Using citizen IDs for commercial services will take an identity ecosystem

Citizen identity systems like the UK’s Verify initiative are costly. It only makes sense to offset that cost by allowing commercial entities to utilize citizen IDs. Here's what it will take.

I was heavily involved in the UK government Verify scheme for several years. It was a challenging service to build as the government designers behind the initiative had a very specific set of challenges. First, they had to design for the type of wide demographic represented by an entire country. At the same time, the service had to be secure from fraud. This was, and is, a fine balancing act. It takes the usability vs. security debate to a whole new level.

Identity theft is a scourge of modern times. Javelin Research on identity theft and fraud has reported some interesting changes between 2017 and 2018. Although the overall number of victims decreased in 2018, mainly due to a decrease in card fraud, there was an increase in accounts being opened in victims’ names. As someone working in the field of identity management, this concerns me greatly. The true cost of online impersonation has only just begun to be realized, and the industry needs to build bridges to stop this, now.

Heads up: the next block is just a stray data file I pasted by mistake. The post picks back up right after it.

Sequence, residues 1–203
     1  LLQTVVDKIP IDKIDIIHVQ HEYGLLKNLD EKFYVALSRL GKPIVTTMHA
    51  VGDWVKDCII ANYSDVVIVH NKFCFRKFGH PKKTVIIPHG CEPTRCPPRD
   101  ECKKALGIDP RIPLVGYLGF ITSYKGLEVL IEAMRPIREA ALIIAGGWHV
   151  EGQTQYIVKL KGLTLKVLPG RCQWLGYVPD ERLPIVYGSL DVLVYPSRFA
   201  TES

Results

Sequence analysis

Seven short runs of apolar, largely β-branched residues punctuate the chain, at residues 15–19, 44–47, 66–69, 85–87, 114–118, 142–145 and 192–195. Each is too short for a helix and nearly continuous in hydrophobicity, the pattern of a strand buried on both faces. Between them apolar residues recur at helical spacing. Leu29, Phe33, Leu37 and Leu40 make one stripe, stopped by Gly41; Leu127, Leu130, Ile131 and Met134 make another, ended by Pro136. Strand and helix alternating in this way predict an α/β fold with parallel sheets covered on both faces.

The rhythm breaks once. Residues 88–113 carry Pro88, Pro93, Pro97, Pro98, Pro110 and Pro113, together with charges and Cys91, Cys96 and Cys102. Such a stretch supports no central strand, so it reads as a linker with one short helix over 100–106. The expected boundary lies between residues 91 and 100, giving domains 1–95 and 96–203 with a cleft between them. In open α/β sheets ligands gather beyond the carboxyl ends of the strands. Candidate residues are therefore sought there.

I believe that a way forward is to bring together the knowledge that government and commercial services, like banks, already have.

What have we learned from citizen identity?

Governments need to allow their citizens to access government online services to keep up with technology changes, reduce costs, and meet citizen expectations. But many government services have a high value. Online tax services, for example, have already been victims of fraud. A look at the IRS ‘dirty dozen’ list of scams used to defraud the U.S. tax system shows what they are up against.

Getting that heady mix of “identity for all” within a hardened identity framework is no mean feat. The UK government’s attempt at doing this has been heavily criticized. The UK’s National Audit Office (NAO) published a report that looked at the shortfall of Verify. These shortfalls are mainly a mix of cost (always an issue for government) and ‘match rates.’

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